From the mid-19th century, railroads represented in the minds of many businessmen and politicians the path to economic progress. The first advocate of railroad building was perhaps Ernest Malinowski, the Engineer in charge of building the Central Railway, who in the 1850s argued that with reliable rapid transportation, Peruvians "should be able to compete with analogous goods from other countries. And not just in foreign markets, but even in this country, as wheat, coffee, cacao, and so on prove, which for the coastal consumer now come largely from abroad -even when interior growers can supply them in sufficient quantity, even superior quality". Another supporter of railroad building was Manuel Pardo, a businessman and President of Peru between 1868 and 187221. In his Estudios de la Provincia de Jauja, published in 1860, Pardo indicated that the construction of railroads would reduce transportation costs dramatically, allowing the exploitation of natural resources, especially in the central highlands22. "If the locomotive, in other countries, facilitated production and commerce, in ours its mission is much higher: to create what today does not exist; to fertilize and give life to the elements of wealth, which today lie in an embryonic, latent state"23. Pardo envisioned a railroad that connected the rich valley of Jauja in the department of Junin to the city of Lima24. Building such railroad would place Junin´s grains, livestock and minerals to only four or five hours of the capital of the republic25.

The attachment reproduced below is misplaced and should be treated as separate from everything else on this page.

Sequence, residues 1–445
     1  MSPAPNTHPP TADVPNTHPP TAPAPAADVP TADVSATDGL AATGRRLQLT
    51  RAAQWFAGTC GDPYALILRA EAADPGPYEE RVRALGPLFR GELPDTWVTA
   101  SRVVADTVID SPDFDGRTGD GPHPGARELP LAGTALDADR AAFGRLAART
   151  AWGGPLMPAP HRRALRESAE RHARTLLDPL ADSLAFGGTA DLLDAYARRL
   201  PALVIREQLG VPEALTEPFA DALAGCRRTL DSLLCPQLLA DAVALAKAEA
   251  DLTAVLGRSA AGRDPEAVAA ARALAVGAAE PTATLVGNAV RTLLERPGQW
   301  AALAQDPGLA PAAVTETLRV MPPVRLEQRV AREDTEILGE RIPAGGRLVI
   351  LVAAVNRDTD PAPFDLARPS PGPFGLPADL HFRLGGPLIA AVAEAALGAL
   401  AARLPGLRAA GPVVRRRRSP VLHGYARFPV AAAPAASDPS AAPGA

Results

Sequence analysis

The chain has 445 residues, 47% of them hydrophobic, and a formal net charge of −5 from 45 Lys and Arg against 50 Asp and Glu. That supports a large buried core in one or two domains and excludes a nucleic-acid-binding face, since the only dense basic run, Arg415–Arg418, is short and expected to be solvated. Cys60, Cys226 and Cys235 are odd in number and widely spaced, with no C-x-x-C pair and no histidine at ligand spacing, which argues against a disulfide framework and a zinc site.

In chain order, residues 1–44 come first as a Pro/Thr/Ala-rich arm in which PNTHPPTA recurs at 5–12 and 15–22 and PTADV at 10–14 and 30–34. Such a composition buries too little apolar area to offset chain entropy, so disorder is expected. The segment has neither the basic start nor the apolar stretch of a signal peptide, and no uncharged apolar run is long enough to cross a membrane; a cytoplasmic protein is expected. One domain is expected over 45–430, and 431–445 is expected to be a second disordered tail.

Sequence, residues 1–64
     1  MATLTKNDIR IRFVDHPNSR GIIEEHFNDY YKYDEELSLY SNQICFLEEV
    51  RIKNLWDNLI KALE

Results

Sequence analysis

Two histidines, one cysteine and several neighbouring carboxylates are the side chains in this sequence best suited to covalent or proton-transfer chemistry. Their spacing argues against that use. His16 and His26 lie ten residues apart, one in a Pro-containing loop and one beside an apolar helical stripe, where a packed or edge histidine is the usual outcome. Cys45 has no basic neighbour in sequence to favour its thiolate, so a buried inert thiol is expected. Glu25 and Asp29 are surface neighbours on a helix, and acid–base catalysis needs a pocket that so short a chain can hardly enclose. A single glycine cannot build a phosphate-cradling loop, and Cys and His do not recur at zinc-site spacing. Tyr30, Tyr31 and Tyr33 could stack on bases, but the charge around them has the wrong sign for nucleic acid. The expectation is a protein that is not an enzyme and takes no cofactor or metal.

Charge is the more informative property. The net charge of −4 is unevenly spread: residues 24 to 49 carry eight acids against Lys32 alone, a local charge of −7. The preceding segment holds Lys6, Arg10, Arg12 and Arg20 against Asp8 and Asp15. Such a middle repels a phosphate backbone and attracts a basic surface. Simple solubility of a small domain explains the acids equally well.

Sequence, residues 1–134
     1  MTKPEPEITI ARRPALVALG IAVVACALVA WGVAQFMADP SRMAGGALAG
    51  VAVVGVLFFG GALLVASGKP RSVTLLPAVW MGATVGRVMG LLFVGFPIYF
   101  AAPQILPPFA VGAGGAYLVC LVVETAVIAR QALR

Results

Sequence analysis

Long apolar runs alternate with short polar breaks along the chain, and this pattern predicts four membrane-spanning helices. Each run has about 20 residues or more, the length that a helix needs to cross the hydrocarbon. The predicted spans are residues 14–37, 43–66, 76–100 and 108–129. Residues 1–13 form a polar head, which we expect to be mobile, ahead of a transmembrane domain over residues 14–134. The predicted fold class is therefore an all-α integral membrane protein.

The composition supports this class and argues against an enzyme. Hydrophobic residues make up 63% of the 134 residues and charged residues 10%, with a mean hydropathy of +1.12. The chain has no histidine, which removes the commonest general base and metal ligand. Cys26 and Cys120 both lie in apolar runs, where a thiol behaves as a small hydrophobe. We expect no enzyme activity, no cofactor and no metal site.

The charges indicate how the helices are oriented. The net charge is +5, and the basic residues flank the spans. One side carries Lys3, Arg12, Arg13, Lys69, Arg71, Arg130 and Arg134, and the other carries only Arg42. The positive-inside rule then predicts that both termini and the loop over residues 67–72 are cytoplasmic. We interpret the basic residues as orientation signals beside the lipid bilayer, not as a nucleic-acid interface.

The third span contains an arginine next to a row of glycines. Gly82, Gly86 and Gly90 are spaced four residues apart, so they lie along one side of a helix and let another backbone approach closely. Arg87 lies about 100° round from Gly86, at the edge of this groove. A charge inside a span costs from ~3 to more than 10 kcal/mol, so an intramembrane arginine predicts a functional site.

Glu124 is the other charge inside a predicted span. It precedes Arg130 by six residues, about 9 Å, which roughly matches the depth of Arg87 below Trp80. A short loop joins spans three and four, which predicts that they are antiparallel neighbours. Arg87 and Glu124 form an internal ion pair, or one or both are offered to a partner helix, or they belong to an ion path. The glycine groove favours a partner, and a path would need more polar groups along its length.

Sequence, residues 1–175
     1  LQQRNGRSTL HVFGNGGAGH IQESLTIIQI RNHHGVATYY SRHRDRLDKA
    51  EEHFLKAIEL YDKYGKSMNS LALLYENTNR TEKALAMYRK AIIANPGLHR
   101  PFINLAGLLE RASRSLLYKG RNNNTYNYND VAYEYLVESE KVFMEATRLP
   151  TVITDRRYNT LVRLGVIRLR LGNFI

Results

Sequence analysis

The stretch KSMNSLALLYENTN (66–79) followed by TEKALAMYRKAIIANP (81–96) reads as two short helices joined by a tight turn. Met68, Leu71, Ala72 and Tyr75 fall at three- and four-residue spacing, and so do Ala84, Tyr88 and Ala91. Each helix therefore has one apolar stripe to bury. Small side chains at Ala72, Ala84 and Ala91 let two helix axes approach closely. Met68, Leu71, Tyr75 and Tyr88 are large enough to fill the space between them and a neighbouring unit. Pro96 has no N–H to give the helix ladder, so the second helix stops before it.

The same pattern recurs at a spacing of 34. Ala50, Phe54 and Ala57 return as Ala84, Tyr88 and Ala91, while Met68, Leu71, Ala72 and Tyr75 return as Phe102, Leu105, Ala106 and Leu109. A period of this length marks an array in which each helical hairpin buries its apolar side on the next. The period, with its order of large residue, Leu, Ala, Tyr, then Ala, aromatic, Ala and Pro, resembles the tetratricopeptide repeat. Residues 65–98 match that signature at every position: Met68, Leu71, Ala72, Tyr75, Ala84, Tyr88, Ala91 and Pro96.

The support for railroads was not limited to the central region of Peru. In Arequipa, several businessmen also supported the construction of railroads. In particular, in the document Ferrocarril de Arequipa, Patricio Gibbons and Joseph Pickering indicated that the railroad of Arequipa, which linked the Pacific seaboard and the departments of Arequipa and Puno, would bring economic diversity to the Southern region. In a public letter sent in 1869 by the Prefect Antonio Rodríguez to the Ministry of Government, Police and Public Works, Prefect Rodríguez wrote that the people of Arequipa was grateful for the construction of the railroad Arequipa-Puno, which would benefit the departments in the South. The industrial life of the region would be more powerful, the citizen would know the advantages of working, and moreover the internal wars would soon end26.